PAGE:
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Mar. Drugs 2014, 12(12), 6190-6212; doi:10.3390/md12126190

Impact of DHA on Metabolic Diseases from Womb to Tomb

Department of Anatomy, Donders Institute for Brain, Cognition & Behaviour, Radboud University Medical Center, Geert Grooteplein Noord 21, 6525 EZ Nijmegen, The Netherlands
These authors contributed equally to this work.
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Received: 9 October 2014 / Revised: 25 November 2014 / Accepted: 11 December 2014 / Published: 18 December 2014
(This article belongs to the Special Issue Marine Functional Food Products - Cardiovascular Diseases)
View Full-Text   |   Download PDF [637 KB, uploaded 24 February 2015]   |  

Abstract

Long chain polyunsaturated fatty acids (LC-PUFAs) are important mediators in improving and maintaining human health over the total lifespan. One topic we especially focus on in this review is omega-3 LC-PUFA docosahexaenoic acid (DHA). Adequate DHA levels are essential during neurodevelopment and, in addition, beneficial in cognitive processes throughout life. We review the impact of DHA on societal relevant metabolic diseases such as cardiovascular diseases, obesity, and diabetes mellitus type 2 (T2DM). All of these are risk factors for cognitive decline and dementia in later life. DHA supplementation is associated with a reduced incidence of both stroke and atherosclerosis, lower bodyweight and decreased T2DM prevalence. These findings are discussed in the light of different stages in the human life cycle: childhood, adolescence, adulthood and in later life. From this review, it can be concluded that DHA supplementation is able to inhibit pathologies like obesity and cardiovascular disease. DHA could be a dietary protector against these metabolic diseases during a person’s entire lifespan. However, supplementation of DHA in combination with other dietary factors is also effective. The efficacy of DHA depends on its dose as well as on the duration of supplementation, sex, and age. View Full-Text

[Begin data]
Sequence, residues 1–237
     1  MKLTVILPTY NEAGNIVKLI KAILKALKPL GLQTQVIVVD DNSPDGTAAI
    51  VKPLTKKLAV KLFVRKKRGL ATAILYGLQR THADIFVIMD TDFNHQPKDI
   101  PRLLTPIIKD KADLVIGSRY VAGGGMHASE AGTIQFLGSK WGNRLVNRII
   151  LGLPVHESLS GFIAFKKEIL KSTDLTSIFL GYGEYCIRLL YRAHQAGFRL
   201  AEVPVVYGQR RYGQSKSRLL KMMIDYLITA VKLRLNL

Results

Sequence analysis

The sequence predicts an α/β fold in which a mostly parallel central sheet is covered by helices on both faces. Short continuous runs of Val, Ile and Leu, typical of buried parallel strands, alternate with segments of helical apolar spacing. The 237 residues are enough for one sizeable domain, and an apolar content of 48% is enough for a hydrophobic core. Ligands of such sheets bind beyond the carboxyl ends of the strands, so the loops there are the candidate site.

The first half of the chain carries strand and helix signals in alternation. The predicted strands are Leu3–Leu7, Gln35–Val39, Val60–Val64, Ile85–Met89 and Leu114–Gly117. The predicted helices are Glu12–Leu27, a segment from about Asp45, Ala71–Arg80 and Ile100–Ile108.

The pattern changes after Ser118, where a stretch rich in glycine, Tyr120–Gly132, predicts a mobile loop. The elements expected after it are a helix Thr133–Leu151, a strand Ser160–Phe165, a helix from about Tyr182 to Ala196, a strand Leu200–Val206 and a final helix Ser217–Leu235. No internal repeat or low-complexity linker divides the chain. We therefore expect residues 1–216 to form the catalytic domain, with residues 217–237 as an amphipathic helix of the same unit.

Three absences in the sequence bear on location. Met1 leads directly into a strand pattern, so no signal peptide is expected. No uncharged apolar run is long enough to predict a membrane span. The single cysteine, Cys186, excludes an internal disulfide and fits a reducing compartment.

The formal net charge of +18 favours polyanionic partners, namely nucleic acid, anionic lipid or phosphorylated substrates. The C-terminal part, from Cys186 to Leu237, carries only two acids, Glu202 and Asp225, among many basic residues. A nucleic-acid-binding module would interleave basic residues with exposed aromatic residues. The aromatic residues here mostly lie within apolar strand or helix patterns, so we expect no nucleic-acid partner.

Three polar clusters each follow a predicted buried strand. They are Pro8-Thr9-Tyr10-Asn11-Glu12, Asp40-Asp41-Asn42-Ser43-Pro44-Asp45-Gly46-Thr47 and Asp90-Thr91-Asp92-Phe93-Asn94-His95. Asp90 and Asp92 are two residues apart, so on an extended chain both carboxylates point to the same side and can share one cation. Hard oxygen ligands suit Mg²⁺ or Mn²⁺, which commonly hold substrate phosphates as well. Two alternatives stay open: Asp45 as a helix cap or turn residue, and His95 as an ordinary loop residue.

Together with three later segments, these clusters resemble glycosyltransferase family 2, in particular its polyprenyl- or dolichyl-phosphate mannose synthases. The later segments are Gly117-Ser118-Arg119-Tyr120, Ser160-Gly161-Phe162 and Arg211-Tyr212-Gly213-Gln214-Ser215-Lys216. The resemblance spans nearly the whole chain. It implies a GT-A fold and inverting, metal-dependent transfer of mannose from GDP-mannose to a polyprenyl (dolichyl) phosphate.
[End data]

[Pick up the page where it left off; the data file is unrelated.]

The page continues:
Keywords: docosahexaenoic acid; humans; metabolic diseases; cardiovascular disease; obesity; diabetes mellitus type II docosahexaenoic acid; humans; metabolic diseases; cardiovascular disease; obesity; diabetes mellitus type II
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This is an open access article distributed under the Creative Commons Attribution License which permits unrestricted use, distribution, and reproduction in any medium, provided the original work is properly cited. (CC BY 4.0).

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MDPI and ACS Style

Arnoldussen, I.A.C.; Kiliaan, A.J. Impact of DHA on Metabolic Diseases from Womb to Tomb. Mar. Drugs 2014, 12, 6190-6212.

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